What will it take to achieve the simulation of the human brain?


20 Jun 2011 Hamburg - First keynote speaker in the opening session at ISC'11 was Dr. Henry Markram, Director of the Brain Mind Institute at EPFL in Lausanne, Switzerland. Dr. Markram has an experience of more than 20 years in brain research. He started out in medicine where he catalogued diseases and specialized in neurology in Cape Town, South Africa. There are 500 clinically classified diseases in the brain. Unfortunately, the pharmaceutical industry are pulling out of brain research because it is too costly and this industry is only focusing on where the money is. Academia receives 5% of the available funding to address the rest of the brain diseases. At present, there are some 5 million papers studying the brain which involves an enormous data growth. Dr. Markram emphasized that we need to start getting organized. The solution to the data tsunami is integration: the creation of a unifying model.

Dr. Markram stressed the importance of simulation to look for patterns and rules. Finding rules speeds up the insight and provides very accurate representations. Modelling becomes easy if you follow biology. There are 58 morphological classes. As an initial strategy, scientists need to computationally clone the neurons. To achieve this, you have to grow the neurons. The method consists in synthesizing the neuronal morphology and build the external morphology but also the internal structure.

You can define the internal organs of a single cell by using genetic information. The interaction of proteins within the cell is important. There are some 100 types of reaction to classify but if you go further into detail, the parameters collapse, explained Dr. Markram. Scientists would need a supercomputer to simulate the brain at the molecular level. Perhaps, this might not be possible but the supercomputer can model the individual cell.

Cells produce an electrical pattern. Some have a delay and some have bursting fires. We can define 16 types of character. If the scientists goes into an individual cell to study the interaction of proteins, he can detect and build different types. This amounts to ion channel combinations, distributions and kinetics. This is done by automatic modelling to study the model behaviour.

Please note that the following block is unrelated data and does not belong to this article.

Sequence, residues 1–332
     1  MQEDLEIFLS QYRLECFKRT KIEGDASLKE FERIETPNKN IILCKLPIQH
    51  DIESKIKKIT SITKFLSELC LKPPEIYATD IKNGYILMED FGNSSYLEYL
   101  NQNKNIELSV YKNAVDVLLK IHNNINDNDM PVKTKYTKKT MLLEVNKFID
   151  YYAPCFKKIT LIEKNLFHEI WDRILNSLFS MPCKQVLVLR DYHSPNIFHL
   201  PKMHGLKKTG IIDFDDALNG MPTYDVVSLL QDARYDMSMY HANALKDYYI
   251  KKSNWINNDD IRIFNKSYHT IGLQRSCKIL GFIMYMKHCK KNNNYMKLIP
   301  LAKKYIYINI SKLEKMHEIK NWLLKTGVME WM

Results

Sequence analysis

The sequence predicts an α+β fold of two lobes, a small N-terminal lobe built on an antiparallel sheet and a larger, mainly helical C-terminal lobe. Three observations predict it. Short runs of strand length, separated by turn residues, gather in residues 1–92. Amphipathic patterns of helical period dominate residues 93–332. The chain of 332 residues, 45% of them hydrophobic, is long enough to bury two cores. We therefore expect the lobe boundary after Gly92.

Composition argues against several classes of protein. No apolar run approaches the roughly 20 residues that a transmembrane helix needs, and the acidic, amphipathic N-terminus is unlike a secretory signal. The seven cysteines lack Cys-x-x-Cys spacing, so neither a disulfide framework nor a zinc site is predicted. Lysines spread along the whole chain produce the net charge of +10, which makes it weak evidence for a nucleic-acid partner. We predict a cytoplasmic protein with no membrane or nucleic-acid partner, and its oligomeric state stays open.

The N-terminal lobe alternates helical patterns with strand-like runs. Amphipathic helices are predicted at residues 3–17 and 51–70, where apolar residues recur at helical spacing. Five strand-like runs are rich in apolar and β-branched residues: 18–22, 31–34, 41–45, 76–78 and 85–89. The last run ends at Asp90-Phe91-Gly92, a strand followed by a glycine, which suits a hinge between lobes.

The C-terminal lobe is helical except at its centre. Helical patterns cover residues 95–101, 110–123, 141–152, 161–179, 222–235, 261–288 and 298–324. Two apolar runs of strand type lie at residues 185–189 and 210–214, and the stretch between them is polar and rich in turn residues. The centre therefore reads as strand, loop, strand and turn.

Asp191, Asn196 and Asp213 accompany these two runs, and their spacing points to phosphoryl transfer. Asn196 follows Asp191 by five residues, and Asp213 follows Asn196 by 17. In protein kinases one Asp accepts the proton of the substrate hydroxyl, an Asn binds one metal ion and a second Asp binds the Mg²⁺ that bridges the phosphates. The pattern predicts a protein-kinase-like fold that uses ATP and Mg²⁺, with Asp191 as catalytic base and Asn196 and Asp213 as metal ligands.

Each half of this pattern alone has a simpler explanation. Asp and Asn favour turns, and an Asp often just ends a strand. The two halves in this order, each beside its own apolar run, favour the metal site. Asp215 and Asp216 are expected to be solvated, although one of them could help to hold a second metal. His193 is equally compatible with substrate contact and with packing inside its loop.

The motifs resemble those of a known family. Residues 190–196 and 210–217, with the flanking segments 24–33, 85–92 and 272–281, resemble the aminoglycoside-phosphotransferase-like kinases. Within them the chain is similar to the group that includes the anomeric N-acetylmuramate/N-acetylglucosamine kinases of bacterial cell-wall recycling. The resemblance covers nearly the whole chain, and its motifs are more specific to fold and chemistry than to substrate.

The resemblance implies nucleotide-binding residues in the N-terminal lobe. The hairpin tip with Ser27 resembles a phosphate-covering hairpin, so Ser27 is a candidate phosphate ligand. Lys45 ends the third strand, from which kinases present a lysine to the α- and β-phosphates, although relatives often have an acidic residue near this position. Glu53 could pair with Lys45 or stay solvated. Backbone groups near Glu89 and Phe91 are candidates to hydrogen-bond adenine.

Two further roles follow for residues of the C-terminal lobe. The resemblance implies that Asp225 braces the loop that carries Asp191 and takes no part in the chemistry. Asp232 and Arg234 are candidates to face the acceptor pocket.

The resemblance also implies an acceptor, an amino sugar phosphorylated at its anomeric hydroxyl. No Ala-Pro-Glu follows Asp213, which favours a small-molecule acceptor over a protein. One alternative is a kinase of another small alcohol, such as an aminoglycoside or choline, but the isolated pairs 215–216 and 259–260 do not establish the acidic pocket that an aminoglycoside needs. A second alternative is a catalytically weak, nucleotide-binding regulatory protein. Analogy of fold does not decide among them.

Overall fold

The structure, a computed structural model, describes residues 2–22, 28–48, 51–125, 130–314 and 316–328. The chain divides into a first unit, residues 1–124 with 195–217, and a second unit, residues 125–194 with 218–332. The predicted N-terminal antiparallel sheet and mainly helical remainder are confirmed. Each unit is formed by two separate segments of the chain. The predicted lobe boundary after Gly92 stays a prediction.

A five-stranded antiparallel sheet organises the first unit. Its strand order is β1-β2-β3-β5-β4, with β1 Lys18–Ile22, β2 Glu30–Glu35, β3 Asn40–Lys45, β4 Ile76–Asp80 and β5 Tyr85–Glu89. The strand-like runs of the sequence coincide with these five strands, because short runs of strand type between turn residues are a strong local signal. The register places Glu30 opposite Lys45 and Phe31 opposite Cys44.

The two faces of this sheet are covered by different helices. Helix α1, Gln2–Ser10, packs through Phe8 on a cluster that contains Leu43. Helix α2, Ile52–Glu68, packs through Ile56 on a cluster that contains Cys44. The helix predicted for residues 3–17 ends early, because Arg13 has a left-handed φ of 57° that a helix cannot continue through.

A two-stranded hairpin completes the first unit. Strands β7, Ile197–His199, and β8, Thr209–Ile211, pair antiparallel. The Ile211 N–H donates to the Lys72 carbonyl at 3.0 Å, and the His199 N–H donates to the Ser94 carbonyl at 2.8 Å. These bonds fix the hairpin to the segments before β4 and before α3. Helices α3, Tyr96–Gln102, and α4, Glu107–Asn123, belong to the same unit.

There is a distributor for the positioning of cells. Some 100 billion neurons exist and we can observe a distribution of all neurons in the whole brain. Dr. Markram thinks that constraint programming to position the neurons in the brain can mean a solution. When you start adding maps, the model collapses.

In Lausanne the team is experimenting with reverse engineering of the Connectome. As such the pattern of the synapses can be discovered. You have to look at how the fibers are attaching. There are 100 million structural touches. 98% fitted the experimental data. Scientists are selecting fibers to form synapses. To create a synapse they apply the neuron-neuron connections.

The connectivity is derived from the rules of biology. The morphological diversity ensures a robust and invariant Connectome. As such artificial neural networks and neuromorphic processors are being created. You can push a button and export the moel of the circuit. Once you have the neurons and the connection, the next step is to create a dynamic synaptic transmission.

Dr. Markram described the synapses as filters to capture the communication. At present, we have the equations that describe the transmission so now the scientists are preparing for the Blue Gene simulations.

Another aspect is the visualization using the Neuromesh generator with the Blue Hub to generate an integrated framework.

The validation consists in spontaneous slow oscillations in the cortical column. These are stimulus treshold dependent oscillations. The simulation shows local electrical field potentials. The challenge is to build a causal chain of events leading to cognition. The question is whether the model can support any intelligent action such as sensing, learning, memory, behaviour etc.

Dr. Markram explained that as a next step the team starts combining columns to build a brain region. There are many different ways to build the human brain. This has led to a brain simulation facility roadmap. In 2005 a single cellular model saw the light and in 2023 a cellular human brain model is planned. Therefore, global integration is required.

There are multiple representations and formats. For this capability the scientist has to be taken in the loop. A prototype facility is needed to build the neural circuitry. To this aim visual steering and interactive supercomputing are necessary tools.

Dr. Markram next expanded on the Human Brain Project which has received a funding of 1 billion euro over 10 years time. With this funding two simulation cockpits have been created: a HPC cockpit and a simulation cockpit. One of them is situated in Lausanne. This generic system is open to the community as a Simulation as a service: a tool to study the brain.

The Blue Brain Project is chaired by Bob Bishop and managed by Felix Schuermann and Sean Hill.

Dr. Markram is planning the so-called Dr. Neuron initiative to integrate volunteer computing in the study of the human brain. In this vision, science and donated computer power will go hand in hand to unveil the working of the human brain.
Leslie Versweyveld